Sunday, October 5, 2008

Job interviews: Stuff you can ask, stuff they can't

First, just for the heck of it, here are 10 things employers can't ask you.

Then, here are some thoughts on things you might want to ask them. Many job candidates really want to know some basics like "What's it actually going to be like working here?," "Is the boss a pain or not?" and "Where can I go from here?"

So I brainstormed questions that might help you find some of those answers in a newsroom environment. I don't suggest you ask all these, just use them as a way to think about what you really want to know and how to find that out. Hope it helps your process! And please, send suggestions or tell me if you disagree with any of this, or have other ideas.

Ask the bosses
Particularly if you get to meet the person who'll be your direct supervisor:

I'd like to get a feel for what's expected. What's a typical week or day like?
(Often, you really want to know something quantitative like how many stories do reporters file a week, or how many pages you'll be asked to lay out each night. But of course quantity's not the only issue, and there are many variables. Stories can be long or short; copy-editors can move quickly or spend time on details; designers can do pages quickly or spend time making them great -- or do only a few pages but also be asked to tone the photos and pull the wire copy.)
How long have you been here? What did you do before this?
Does this seem to be a helpful person who will teach you, a knowledgeable person with a strong background who knows many things you can learn, a good leader whose management style you can watch?)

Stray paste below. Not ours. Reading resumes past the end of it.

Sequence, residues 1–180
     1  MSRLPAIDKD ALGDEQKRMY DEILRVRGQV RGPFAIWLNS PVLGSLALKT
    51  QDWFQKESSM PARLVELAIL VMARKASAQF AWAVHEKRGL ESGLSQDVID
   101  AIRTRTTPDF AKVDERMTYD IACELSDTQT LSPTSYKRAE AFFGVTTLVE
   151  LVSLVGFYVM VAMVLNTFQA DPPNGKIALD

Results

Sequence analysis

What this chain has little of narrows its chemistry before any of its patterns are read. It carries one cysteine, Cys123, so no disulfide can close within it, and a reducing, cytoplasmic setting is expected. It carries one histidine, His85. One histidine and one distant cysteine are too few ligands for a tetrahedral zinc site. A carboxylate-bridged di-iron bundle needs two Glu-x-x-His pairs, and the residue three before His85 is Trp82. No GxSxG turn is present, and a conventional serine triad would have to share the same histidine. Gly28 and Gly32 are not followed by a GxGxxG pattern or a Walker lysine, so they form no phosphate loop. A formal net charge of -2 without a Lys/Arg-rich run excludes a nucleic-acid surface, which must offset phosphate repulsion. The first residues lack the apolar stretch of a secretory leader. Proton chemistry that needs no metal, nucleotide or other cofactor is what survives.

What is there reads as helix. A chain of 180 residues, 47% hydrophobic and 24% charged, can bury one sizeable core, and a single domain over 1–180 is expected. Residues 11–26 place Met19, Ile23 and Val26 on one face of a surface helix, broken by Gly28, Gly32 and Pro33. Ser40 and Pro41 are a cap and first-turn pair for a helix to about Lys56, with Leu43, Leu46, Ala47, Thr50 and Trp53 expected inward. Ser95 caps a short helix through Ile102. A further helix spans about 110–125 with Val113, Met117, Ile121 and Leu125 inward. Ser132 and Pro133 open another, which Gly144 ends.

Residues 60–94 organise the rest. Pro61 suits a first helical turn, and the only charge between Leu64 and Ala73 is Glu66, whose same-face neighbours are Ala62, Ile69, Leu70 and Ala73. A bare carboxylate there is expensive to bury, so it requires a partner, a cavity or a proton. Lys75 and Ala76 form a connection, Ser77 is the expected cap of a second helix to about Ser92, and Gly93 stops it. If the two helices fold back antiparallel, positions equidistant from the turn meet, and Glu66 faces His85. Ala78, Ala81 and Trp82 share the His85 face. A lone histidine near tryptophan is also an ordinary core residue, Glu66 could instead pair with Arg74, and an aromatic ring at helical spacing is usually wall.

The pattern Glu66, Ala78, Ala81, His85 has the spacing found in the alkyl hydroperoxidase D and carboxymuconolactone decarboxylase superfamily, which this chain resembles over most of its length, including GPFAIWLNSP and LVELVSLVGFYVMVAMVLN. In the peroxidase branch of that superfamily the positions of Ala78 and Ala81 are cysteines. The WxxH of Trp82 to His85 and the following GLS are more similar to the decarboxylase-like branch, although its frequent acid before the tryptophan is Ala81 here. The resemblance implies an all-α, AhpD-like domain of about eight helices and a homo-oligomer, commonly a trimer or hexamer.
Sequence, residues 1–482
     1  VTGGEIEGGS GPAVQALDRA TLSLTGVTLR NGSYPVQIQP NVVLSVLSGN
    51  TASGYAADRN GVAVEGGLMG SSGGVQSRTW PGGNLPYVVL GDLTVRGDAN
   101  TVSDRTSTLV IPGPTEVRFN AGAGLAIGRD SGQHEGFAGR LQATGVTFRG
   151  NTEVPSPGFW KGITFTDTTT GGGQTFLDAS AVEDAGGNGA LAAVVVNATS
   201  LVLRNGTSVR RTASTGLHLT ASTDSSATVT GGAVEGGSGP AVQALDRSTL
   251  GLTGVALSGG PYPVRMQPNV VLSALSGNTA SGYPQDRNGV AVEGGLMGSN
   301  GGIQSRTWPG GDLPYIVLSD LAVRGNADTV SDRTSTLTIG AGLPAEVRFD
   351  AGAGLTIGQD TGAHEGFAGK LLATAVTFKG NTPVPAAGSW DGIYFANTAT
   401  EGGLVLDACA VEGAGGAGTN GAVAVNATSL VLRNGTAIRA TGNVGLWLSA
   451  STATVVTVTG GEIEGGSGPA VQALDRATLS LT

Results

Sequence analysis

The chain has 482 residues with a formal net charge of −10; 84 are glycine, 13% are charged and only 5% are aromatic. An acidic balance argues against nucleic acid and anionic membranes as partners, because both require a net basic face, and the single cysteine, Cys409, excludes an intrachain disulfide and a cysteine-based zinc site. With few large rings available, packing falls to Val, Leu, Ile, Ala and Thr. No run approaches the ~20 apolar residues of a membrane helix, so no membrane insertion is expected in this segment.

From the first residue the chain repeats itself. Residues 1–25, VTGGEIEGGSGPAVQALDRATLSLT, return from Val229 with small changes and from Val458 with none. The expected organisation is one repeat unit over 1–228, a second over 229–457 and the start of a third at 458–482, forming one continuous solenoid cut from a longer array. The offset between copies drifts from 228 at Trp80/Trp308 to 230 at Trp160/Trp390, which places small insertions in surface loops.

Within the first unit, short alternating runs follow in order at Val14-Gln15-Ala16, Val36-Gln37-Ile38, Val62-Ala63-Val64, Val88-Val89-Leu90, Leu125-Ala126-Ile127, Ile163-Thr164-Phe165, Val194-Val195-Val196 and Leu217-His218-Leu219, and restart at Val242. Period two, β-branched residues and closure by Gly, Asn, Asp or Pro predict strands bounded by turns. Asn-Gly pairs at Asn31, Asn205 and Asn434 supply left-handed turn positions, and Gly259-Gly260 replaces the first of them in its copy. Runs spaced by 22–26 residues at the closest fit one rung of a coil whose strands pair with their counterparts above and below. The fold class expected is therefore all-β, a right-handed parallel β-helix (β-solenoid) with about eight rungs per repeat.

How do (reporters/copy editors) normally get feedback on their work? (How will I learn, mostly?) Sometimes editors have a lot of time to sit down and go over changes in a story with you; sometimes, there is more of a hurry and your story or headline will just be"fixed" for you, but they might explain later what happened.
If I do well at this job, what is it likely I would move on to next/after a few years?
(You probably don't want to seem like you're already eager to leap to your next job, but also, bosses should generally be glad to hire someone who wants to improve and/or move up in the organization.)
Generally, what are career paths are like in this department or at this paper? (Do copy editors move up to be page 1 designers or to be copy chiefs? Do reporters move to bigger beats? Or on to larger papers?)
Let me make sure I've got the basics down: Like the working hours -- night shifts are not all the same, and most people who work days in news are expected to work at least occasional nights or weekends. If you're a city council reporter, what night meetings will you go to? Also the pay, vacation policy and benefits. Not deal-breakers, necessarily, but things you don't want to be surprised by later, and things that might help you decide between two otherwise similar positions.

Ask the coworkers
If you get a chance to talk to people on your level (reporters/copy editors/designers), you have an opportunity to gather some information that might help make your decision:

What's working here like? (They might not say "Horrible," but they probably won't say "Great!" unless they mean it.) When does it get really busy, and what's that like? Do you like it here? What do you like best about it?
I'd like to get a feel for what's expected. What's a typical week or day like?
(Same as above)
How do people normally get feedback on their work here? (Might be a different answer than the boss gave...)
How long have you been here? What did you do before this? (How much turnover is there here? Low turnover could mean there's little chance to move up -- but it could also mean people are happy working there.)

We have an advantage here: Journalism is one field where asking lots of questions is a sign that you're going to be good at your job. (And a journalist who doesn't ask questions... well, that can be a bad sign!)

Please feel free to send me more questions, opinions or advice. What would you ask? What has helped you in the past?